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This document documents the OpenMRS Community's policy on it's various software releases. The information in this document will benefit people who would like to know more about OpenMRS products, new volunteer release managers, people interested to learn more about the release process.
Snapshot builds: These are built from openmrs github project, usually once a day.These builds are intended for regular testing of the development happening on the project. These versions are labelled as SNAPSHOT. They are not intended for use by the general public.
Release Candidates: are builds that have been built and considered acceptable for a release but have not yet been accepted as a release by the project. These are built by the Release Manager for a specific release. These are intended for developers/testers to test and report any issues back to the project prior to a release. Many release candidates are possible prior to a release approval. These versions are also labelled as SNAPSHOT. Users that are not interested in development testing should wait until a release is formally approved.
Releases: are builds that have been accepted for general public release, with varying degrees of caveat regarding their perceived quality or potential for change. Releases that are intended for everyday usage by non-developers are usually available in the OpenMRS Downloads page. Releases are believed to be usable by testers and developers and often go through "alpha" and "beta" testing followed by "User Acceptance Testing(UAT)". These releases builds have the SNAPSHOT tag removed from their release versions.
Major Releases: OpenMRS Major Releases are products that have had major enhancements with multiple bug fixes. These versions have usually gone through "alpha", "beta" and "UAT" testing. These versions are denoted with two level numbers e.g. - 1.10, 2.3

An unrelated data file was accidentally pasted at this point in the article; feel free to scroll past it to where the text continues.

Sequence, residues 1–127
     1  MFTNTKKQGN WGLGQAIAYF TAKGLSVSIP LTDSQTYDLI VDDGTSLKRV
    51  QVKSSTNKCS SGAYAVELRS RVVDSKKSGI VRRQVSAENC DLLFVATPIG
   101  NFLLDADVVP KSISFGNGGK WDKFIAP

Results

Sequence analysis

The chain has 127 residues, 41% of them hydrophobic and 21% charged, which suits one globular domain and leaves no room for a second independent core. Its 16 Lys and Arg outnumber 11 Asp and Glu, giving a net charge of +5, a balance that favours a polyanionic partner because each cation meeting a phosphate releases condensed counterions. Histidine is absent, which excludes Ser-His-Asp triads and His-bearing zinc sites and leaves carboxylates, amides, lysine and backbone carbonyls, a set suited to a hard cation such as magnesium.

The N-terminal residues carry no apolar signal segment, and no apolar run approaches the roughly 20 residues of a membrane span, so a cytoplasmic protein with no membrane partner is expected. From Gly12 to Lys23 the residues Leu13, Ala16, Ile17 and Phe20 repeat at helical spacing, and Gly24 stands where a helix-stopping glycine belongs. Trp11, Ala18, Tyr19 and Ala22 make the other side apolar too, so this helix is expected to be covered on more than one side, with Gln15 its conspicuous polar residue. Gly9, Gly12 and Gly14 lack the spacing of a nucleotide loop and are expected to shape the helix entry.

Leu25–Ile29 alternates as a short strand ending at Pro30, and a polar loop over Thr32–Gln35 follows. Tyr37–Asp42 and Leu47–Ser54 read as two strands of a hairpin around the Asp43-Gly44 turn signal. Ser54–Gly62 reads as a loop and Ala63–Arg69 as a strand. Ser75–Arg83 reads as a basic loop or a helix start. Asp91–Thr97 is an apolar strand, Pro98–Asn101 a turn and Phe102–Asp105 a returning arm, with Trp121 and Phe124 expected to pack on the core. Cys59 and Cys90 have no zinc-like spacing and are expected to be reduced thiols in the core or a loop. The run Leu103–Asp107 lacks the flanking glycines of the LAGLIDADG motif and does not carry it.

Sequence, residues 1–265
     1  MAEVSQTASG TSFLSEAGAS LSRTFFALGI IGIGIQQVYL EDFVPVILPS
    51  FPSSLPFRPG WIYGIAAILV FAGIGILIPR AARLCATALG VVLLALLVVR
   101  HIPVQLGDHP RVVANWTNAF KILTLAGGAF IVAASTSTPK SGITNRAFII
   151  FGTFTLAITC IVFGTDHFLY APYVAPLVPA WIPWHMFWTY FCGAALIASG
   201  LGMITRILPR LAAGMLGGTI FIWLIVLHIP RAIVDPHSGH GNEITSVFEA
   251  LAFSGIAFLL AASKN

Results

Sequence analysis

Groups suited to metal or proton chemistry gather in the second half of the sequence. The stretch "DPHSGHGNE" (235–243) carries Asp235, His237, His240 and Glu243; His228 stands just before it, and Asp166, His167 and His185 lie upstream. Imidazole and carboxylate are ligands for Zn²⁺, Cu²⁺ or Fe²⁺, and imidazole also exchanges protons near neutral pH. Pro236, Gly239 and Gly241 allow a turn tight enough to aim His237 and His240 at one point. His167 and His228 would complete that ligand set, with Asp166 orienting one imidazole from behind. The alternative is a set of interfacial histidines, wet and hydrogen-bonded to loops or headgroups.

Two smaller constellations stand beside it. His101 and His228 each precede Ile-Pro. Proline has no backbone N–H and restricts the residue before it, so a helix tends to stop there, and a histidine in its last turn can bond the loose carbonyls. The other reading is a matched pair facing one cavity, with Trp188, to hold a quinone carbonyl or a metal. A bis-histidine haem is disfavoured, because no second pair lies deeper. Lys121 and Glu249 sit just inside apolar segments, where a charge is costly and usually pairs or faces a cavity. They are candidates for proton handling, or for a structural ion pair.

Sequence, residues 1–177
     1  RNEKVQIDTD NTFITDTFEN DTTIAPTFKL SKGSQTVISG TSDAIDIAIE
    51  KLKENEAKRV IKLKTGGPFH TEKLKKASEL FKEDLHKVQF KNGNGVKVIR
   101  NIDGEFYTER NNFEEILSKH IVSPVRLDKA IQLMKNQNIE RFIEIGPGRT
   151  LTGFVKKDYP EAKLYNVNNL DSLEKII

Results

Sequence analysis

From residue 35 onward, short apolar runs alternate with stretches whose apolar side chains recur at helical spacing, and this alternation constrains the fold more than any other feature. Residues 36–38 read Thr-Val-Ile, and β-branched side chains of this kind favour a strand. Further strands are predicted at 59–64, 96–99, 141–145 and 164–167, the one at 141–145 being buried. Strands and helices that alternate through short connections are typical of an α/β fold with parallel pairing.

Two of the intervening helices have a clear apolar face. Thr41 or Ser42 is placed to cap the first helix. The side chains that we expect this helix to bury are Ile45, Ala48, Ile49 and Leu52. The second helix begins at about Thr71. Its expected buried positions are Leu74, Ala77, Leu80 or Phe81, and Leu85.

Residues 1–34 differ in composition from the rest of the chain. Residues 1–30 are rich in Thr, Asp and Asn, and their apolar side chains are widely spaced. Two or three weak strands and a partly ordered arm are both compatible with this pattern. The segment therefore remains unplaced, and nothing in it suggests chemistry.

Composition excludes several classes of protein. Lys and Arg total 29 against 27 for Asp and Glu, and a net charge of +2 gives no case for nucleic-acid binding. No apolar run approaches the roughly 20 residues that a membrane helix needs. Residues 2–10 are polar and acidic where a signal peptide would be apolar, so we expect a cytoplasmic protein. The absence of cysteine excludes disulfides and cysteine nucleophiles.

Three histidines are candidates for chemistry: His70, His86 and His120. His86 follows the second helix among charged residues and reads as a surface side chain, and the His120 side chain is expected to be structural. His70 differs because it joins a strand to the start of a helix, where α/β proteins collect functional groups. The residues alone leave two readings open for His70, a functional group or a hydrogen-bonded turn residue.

Maintenance Releases: These releases are minor openmrs releases released to handle security issues and small feature enhancements. These do not usually go through any formal testing process. These versions are denoted with three level numbers e.g. - 1.10.1, 2.3.1
Non-LTS Releases: These releases are targeted at developers who want a cutting-edge release of OpenMRS Core. These versions will usually have had alpha and beta releases, but will not have gone through any formal UAT testing process. These versions are numbered just like Major or Maintenance releases, but they will be a release of OpenMRS Core as opposed to the Platform or the Reference Application.
OpenMRS releases 2 major Software products and multiple minor modules that act as additions to the major products.
Reference Application(RA) – this is the web application (reference application)that packages OpenMRS as an Electronic Medical Record application. Reference application is the combination of Platform and multiple different modules built on Platform. Reference Application is released twice a year. As this is a packaging of different OpenMRS releases (that have been tested) to form a product, this usually only goes through UAT testing.
We release two different packagings of the reference application:
(a) a runnable standalone, and
(b) a zip file of modules that can be manually installed on the appropriate Platform version.
Platform – this is the foundational OpenMRS API and web services shared by many distributions based on OpenMRS and made available to build OpenMRS web applications. Platform is released once a year. This release goes through "alpha", "beta" and "UAT" before being released for general public to use.
We release two different packagings of the Platform:
(a) a runnable standalone, and
(b) a WAR file that can be deployed in a servlet container
Core (no Long Term Support) – sometimes a developer or organization will do a release of (only) openmrs-core, to be able to use cutting-edge code in production, without waiting for an annual platform release. These releases are targeted at developers, and have no guaranteed support period. In general once the next version of openmrs-core is released, we will stop backporting bugfixes and security patches to the non-LTS release.
The community discusses about major changes being pursued in the community and includes them in the Technical RoadMap under future releases. This discussion is held in the Project Management Calls by Project Owners attended by Developers and Release Management Manager and the community.
A request to be a volunteer Release Manager is sent out in the community by the Release Management Manager. Based on the applied volunteers for the role, a Release Manager is selected.
Release Manager coordinates, the developers and the community through the release process. He acts as a facilitator and organizes meetings among various different roles,teams and the community to make a release successful overseen by the project owner.
Release Manager based on the discussions can decide what stays and gets removed in a release. Also coordinating with the i18n Manager to decide what translations can be included in the specific release.
Release Manager organizes sprints with the developers to get the work completed for a release and also organizes "alpha", "beta" and "UAT".
After a release, Release Management Manager reviews and reflects upon the release process and improvises the release process for the next releases.